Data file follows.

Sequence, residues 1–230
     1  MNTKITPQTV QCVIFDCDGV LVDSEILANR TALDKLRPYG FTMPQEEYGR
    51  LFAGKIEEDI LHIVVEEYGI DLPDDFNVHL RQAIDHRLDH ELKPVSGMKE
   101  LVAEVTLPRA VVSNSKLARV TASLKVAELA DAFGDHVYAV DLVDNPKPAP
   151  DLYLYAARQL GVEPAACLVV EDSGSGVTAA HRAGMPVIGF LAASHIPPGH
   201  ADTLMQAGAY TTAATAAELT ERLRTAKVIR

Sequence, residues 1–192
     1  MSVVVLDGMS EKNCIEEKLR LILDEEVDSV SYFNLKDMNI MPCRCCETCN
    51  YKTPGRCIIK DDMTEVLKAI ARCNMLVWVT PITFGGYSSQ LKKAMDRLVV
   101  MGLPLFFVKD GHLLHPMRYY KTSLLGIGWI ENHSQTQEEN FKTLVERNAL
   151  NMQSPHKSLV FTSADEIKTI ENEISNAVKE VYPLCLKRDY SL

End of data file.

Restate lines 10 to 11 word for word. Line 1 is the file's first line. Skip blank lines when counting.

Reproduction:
   101  MGLPLFFVKD GHLLHPMRYY KTSLLGIGWI ENHSQTQEEN FKTLVERNAL
   151  NMQSPHKSLV FTSADEIKTI ENEISNAVKE VYPLCLKRDY SL